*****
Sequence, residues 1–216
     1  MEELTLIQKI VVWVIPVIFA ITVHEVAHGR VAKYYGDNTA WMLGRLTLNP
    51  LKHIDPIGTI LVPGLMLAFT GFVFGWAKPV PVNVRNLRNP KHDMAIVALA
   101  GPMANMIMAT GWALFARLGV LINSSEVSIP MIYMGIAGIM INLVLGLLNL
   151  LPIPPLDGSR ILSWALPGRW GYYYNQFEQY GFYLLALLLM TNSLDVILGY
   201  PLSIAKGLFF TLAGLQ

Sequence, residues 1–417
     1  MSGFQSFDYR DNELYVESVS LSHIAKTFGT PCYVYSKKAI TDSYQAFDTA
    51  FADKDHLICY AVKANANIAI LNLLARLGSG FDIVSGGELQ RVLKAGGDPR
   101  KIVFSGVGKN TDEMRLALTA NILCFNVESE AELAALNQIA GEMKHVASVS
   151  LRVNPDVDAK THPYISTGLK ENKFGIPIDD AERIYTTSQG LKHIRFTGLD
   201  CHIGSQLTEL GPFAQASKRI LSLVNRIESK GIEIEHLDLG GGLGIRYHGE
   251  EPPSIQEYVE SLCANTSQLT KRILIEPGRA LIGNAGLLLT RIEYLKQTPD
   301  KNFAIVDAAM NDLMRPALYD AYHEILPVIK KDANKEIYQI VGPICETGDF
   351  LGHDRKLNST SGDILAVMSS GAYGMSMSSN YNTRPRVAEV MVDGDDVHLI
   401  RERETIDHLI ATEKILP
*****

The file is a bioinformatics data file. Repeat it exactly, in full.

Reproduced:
Sequence, residues 1–216
     1  MEELTLIQKI VVWVIPVIFA ITVHEVAHGR VAKYYGDNTA WMLGRLTLNP
    51  LKHIDPIGTI LVPGLMLAFT GFVFGWAKPV PVNVRNLRNP KHDMAIVALA
   101  GPMANMIMAT GWALFARLGV LINSSEVSIP MIYMGIAGIM INLVLGLLNL
   151  LPIPPLDGSR ILSWALPGRW GYYYNQFEQY GFYLLALLLM TNSLDVILGY
   201  PLSIAKGLFF TLAGLQ

Sequence, residues 1–417
     1  MSGFQSFDYR DNELYVESVS LSHIAKTFGT PCYVYSKKAI TDSYQAFDTA
    51  FADKDHLICY AVKANANIAI LNLLARLGSG FDIVSGGELQ RVLKAGGDPR
   101  KIVFSGVGKN TDEMRLALTA NILCFNVESE AELAALNQIA GEMKHVASVS
   151  LRVNPDVDAK THPYISTGLK ENKFGIPIDD AERIYTTSQG LKHIRFTGLD
   201  CHIGSQLTEL GPFAQASKRI LSLVNRIESK GIEIEHLDLG GGLGIRYHGE
   251  EPPSIQEYVE SLCANTSQLT KRILIEPGRA LIGNAGLLLT RIEYLKQTPD
   301  KNFAIVDAAM NDLMRPALYD AYHEILPVIK KDANKEIYQI VGPICETGDF
   351  LGHDRKLNST SGDILAVMSS GAYGMSMSSN YNTRPRVAEV MVDGDDVHLI
   401  RERETIDHLI ATEKILP